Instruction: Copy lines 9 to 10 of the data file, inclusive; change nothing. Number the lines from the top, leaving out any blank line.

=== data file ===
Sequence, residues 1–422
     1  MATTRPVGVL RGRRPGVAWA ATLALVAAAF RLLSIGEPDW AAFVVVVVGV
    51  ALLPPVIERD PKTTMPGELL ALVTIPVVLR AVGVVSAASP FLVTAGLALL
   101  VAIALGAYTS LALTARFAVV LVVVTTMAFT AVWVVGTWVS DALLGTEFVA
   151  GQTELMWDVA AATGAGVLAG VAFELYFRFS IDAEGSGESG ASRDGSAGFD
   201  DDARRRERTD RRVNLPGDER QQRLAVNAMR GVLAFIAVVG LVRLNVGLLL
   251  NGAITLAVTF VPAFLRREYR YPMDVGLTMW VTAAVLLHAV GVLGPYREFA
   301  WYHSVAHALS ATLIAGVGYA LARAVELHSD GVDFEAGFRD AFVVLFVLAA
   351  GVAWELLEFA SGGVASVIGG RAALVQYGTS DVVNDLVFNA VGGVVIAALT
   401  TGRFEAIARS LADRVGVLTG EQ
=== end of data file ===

   351  GVAWELLEFA SGGVASVIGG RAALVQYGTS DVVNDLVFNA VGGVVIAALT
   401  TGRFEAIARS LADRVGVLTG EQ